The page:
Sometimes. Another time, there was a place I was playing, a bar called Ye Olde Trickle Inn, and I was doing, “Coming Down, Sweet Jesus,” and a cop came at me with a dart and said, “Don’t you make fun of Jesus!” And I said, “OK, can I make fun of the Jews?” and he said, “Okay.” So I did a song called “We Don’t Smoke Crack but We Sure Like Fucking Pigs.” Then my husband pointed out that when we said “pigs,” that’s like saying “cops.” Then the cop apologized and started crying and said his buddy had just died that week. Now he’s a fan.
So you are touching people…
Oh, yes, and in so many places! It’s my favorite sense; some people like sight or sound, and I just like touch. Like Stevie Wonder.
You were an actress on Guiding Light, now you’re a musician; is “Tammy Faye” performance art, comedy, or something else? How do you see yourself?
I don’t really know. I hated theater because it was so staid and stodgy, and you had the ever-present “fourth wall” which bars the audience from entry, so to speak. I always loved the reality of the room, and of dealing with people right then and there. “We’re all really here – I’m here and I’m not pretending you’re not here.” It’s a more organic thing when you’re performing live in a concert situation.
You mentioned the theater as being “staid and stodgy.” I’ve heard you stirred things up on Guiding Light by not sticking to the script.
I was a troublemaker. It started out as just a small part, and I was filling in for Allison Janney (who now is on The West Wing and she’s in a ton of films, too). I was filling in as this kind of wacky maid, and started developing my own character, and then just started writing my own lines. Then they put us together and we clicked immediately. I said, “Allison, let’s just write our own stuff!”
So we were on there for about two years… you know, sometimes things would fly and sometimes they wouldn’t. I remember this one day, and I was thinking, “I wonder if this can get past the censors?” One character said to me, “So, are you two happy?” and I said, “As clams!” I got to say it at the taping, but then I noticed it was cut from broadcast. It was like, “Cool, I got the clams in!”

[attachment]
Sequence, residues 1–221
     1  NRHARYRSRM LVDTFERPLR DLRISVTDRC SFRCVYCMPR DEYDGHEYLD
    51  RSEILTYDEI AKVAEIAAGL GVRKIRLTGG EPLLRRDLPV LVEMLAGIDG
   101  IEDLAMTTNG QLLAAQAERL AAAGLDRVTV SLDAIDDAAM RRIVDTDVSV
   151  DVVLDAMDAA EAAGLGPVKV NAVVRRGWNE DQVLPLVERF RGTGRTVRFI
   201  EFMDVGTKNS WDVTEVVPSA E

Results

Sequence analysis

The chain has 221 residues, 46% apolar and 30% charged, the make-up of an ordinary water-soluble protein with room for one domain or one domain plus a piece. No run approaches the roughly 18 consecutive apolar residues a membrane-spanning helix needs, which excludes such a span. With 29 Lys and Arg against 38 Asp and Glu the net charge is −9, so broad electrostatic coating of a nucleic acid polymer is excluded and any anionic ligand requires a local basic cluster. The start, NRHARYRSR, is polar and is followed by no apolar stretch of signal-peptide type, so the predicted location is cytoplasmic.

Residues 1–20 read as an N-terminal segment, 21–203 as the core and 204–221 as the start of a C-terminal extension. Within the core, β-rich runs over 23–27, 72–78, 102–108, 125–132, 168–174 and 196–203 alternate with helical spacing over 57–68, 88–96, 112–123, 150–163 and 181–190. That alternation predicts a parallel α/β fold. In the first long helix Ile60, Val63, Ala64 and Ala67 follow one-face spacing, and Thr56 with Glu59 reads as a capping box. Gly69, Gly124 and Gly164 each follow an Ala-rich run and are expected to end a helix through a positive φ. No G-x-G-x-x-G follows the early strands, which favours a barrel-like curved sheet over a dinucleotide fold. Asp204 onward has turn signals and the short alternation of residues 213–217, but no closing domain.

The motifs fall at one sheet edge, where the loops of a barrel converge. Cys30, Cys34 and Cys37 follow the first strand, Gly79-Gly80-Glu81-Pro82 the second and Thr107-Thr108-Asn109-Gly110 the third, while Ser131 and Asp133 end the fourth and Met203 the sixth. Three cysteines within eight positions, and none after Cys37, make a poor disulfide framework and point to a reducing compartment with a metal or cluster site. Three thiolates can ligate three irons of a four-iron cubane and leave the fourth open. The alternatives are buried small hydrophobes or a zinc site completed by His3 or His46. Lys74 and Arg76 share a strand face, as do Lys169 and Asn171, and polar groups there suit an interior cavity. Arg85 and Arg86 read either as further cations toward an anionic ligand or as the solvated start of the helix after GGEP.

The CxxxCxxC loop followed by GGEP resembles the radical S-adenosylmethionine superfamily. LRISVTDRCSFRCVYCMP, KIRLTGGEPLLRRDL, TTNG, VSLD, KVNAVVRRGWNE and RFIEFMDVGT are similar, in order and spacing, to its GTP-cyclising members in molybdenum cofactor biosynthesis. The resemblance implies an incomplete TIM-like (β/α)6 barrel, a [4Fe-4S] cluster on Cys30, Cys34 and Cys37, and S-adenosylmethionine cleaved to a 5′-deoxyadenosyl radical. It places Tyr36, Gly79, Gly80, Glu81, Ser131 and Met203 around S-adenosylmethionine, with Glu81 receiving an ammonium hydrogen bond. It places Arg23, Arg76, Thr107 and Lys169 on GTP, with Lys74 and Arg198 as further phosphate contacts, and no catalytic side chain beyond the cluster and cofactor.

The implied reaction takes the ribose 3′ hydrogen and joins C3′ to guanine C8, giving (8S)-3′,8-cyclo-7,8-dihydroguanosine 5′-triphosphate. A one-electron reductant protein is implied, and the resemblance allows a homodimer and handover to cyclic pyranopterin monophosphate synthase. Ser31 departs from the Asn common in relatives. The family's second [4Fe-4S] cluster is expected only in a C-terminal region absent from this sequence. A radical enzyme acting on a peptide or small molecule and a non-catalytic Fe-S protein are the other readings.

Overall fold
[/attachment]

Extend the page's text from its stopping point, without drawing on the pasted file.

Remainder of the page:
So was it fun, or were the directors just sort of grinding their teeth?
Oh, it was a lot of fun. There were some directors who were more fun than others, and they encouraged it, then there was one who, early on, was like, “You don’t make up your own lines. You’re just a maid – just do what you’re told to do.” And I was crying in my dressing room, then the entire cast, one by one, came down to say, “You don’t listen to him, you just do what you do,” and they stuck up for me, and the producer was like, “Don’t listen to them!”
It was fun, though – it
was a nice soap to be on. Then their ratings went lower, and then they changed time slots and producers and writers and actors, so we were just kind of gone.
That’s gotta be like bizarro-land working on something like that.
It is, because you see all the women who look so beautiful onscreen, and you see them in sweatpants and glasses and they’re all sweaty and un-madeup, and all of a sudden they’re so gorgeous. The guys are especially funny when they get the orange makeup on. It’s very bizarre.
What’s the funnest experience you’ve had so far doing Tammy Faye?
Well, let’s see, there have been so many glorious experiences. I think maybe the sole sweetest moment was when we were in Nashville in October, and I went into the Ernest Tubb Record Shop, around Music Row. I had been going in there for years and buying things, and it was the same guy always there, and I heard him talking with some guy. He was talking about gospel music, and all these things, and I went to buy my little records and he said, “You’re Tammy Faye Starlite.”